My friend Tony loves electronics and gadgets and probably owns every type of man toy – iPads, home theatre system, Xbox, GoPro, Quadcopter with Wifi camera, etc. He travels a lot for work and is always connected to the internet via his phone and wireless HotSpots. He is a technophile, which makes work and life convenient for everyone associated with him. Or does it?
In my opinion, Tony is a perfect embodiment of the statement, “Employees are the biggest vulnerabilities for a company’s information security.”Tony’s work emails have been setup on every tablet he has owned. He never cared about removing email settings and data from the old devices when he bought a new one (Who does that anyways?). His kids have access to his old mobile devices and most of them do not have passcode locks because, for end users, ease of use often trumps security concerns. This gives Tony little to no control over who else can use those old devices for casual browsing. And he not only compromises his personal data, but his work data as well. While he is no Jennifer Lawrence(trust me, his personal photos are not in demand!), he still makes his personal information vulnerable and exposes his work email to casual browsing by others, inadvertently compromising his company’s information security. And he is not an exception. There are lots of folks like Tony. Not too long ago we had this news:
Furthermore, what happens when Tony quits his job? All that data on his mobile devices is the company data/IP walking out of the door unchecked.
So the obvious solution that comes to mind is, “I will have my IT admin setup, manage and control access to company data on my phone.” Great! That addresses the device management aspects of ability to remote wipe data, track lost phone, manage apps, etc. But what about access management on the mobile server itself, ensuring that only authorized admins are managing your mobile devices remotely to protect against insider threats such as these:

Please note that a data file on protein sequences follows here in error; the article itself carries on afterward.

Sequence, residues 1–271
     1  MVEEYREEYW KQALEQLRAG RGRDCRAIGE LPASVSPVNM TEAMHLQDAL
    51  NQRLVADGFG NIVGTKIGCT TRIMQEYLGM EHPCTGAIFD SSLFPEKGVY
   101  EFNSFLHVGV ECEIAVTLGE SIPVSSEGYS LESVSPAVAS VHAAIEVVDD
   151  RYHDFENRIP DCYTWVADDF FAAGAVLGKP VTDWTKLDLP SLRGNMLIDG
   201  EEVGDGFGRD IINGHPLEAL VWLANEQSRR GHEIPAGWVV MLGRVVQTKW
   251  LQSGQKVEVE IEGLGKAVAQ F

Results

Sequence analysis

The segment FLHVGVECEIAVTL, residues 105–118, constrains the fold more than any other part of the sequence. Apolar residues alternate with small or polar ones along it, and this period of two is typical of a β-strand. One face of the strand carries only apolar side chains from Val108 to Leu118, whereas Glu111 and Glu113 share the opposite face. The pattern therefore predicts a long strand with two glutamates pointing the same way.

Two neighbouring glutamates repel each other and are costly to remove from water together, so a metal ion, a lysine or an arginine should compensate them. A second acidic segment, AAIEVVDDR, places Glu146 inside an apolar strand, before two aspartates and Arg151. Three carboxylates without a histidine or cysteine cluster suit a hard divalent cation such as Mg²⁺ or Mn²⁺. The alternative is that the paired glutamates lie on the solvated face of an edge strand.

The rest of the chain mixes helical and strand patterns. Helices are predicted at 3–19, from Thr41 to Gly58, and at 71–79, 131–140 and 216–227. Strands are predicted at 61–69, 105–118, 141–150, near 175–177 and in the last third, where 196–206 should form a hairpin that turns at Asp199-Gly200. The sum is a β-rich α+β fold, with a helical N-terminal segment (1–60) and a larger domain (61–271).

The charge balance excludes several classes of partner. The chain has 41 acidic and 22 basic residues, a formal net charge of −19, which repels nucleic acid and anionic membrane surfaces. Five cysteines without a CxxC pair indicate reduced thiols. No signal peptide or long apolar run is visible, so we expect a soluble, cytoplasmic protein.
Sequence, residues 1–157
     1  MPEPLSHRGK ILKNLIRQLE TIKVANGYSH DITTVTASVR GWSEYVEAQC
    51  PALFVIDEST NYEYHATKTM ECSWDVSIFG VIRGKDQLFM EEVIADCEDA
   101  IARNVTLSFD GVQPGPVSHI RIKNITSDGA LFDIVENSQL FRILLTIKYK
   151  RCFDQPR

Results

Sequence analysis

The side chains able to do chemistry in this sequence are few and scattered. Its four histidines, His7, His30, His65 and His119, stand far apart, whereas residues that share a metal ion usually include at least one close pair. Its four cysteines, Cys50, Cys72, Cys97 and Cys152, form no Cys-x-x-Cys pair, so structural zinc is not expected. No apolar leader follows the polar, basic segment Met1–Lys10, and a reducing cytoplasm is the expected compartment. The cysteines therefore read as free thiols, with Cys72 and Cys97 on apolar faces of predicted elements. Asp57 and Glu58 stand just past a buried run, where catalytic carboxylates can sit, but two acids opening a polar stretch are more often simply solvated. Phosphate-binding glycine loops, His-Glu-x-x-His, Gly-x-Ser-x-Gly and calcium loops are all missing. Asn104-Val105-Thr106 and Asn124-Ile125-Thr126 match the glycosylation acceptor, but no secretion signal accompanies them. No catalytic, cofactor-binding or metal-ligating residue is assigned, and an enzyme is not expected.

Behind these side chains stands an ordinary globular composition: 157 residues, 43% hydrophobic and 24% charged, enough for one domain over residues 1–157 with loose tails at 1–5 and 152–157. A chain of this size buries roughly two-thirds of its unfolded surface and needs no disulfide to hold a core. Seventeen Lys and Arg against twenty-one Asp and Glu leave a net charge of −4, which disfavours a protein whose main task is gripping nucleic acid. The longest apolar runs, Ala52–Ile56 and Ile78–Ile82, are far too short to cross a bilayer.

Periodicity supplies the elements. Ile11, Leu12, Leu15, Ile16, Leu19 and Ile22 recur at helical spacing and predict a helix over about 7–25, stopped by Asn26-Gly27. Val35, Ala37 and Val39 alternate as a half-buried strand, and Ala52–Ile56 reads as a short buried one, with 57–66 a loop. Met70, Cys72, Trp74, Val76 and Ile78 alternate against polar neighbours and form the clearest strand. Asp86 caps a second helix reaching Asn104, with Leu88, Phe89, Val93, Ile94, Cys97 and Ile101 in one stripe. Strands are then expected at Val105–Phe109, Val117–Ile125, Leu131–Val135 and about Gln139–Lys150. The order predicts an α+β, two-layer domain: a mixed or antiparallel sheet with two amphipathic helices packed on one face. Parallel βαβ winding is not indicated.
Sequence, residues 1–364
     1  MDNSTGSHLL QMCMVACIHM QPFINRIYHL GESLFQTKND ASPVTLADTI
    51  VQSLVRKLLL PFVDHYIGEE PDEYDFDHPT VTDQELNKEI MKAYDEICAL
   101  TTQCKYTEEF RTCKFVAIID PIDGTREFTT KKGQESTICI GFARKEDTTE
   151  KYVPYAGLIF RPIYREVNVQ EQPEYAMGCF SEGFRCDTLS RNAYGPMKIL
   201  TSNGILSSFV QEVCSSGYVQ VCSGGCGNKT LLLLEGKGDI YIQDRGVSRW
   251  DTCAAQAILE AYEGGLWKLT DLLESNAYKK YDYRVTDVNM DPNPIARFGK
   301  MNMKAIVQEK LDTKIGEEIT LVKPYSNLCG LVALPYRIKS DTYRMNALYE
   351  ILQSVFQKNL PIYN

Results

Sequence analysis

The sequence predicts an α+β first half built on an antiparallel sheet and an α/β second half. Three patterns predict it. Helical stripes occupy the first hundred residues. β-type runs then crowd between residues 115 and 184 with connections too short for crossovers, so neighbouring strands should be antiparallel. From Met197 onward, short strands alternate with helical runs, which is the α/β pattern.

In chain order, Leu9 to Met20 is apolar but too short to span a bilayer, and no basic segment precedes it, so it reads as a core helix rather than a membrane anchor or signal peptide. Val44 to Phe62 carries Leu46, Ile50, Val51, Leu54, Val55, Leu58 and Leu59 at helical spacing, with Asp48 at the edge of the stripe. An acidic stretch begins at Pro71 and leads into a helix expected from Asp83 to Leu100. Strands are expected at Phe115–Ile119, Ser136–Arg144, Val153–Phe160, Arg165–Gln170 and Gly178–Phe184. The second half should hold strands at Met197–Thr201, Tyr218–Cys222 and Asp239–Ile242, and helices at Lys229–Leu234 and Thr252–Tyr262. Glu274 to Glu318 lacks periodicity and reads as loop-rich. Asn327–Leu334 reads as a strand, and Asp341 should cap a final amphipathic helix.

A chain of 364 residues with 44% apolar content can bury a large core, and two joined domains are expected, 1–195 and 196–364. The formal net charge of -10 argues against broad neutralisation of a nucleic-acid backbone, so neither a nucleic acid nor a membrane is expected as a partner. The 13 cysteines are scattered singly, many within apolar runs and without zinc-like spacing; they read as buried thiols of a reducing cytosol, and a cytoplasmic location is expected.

- The Register: Heartbleed-based BYOD hack’ pwns insurance giant Aviva’s iPhones – On May 20th, a hacker utilizing a heartbleed-based attack was able to obtain access to the MobileIron server that managed more than 1,000 employee mobile devices at Aviva and performed a full wipe of every device and eventually, shutting down the server itself.
- WSJ: Remote Data Wipes of Workers’ Personal Devices Are Rising – Of the Fiberlink erasures from July 2013 to June 2014, 49% were completed automatically after something like a security breach triggered the company’s wiping process.
Enter multi-factor authentication – which authenticates users based on verification of at least two of the following:
- something they know
- something they own/possess
- someone they are (biometric)
In the context of mobile, this needs to be applied at both ends – mobile end user as well as the mobile admin.
Multi-factor authentication has been around for some time (remember the physical security tokens that people carried with their laptops?). Mobile admins follow the same multi-factor authentication as the regular IT admin to gain access to the mobile server to manage your mobile devices remotely. See AuthAnvil’s Two Factor Authentication to understand how insider threats and security breaches can be mitigated for the servers that mobile admins use.
But multi-factor authentication for mobile end users is tricky. Picture yourself holding your phone in one hand and a physical security token in other hand to check work email. How will you scroll/click on the screen?
There is a smarter way to handle multi-factor authentication on mobile devices. In a BYOD context, IT admins’ control of the user’s personal device is limited compared to a company-provided device. Hence multi-factor authentication is very critical in BYOD context. Multi-factor authentication for mobile users can be easily done by pairing users with specific device(s) and enforcing secure PIN entry on the apps which access company emails, documents and other IPs (not the device level PIN). So the mobile users can access company data only if they:
- Enter the correct security PIN for the apps (something they know)
- Use the approved device paired with them(something they own/possess)
The use of Active Directory / LDAP system at the backend will extend the user’s access privileges to the mobile devices. It is very important to note that all this is a very streamlined process – users just have to open the app the usual way and enter the security PIN for the app.
Multi-factor authentication on mobile devices is very important as these devices move company data outside the organization boundary very easily. But the multi-factor authentication on mobile cannot follow the physical security token model. By pairing users with devices and enforcing PIN at app level, multi-factor authentication can be streamlined and transparent to the mobile user, ensuring ease of use and security at the same time. There are innovative solutions in the market that implement such multi-factor authentication on mobile devices and if you are enabling an “anytime anywhere available” mobile workforce then you should seriously consider having this capability.
Author: Varun Taware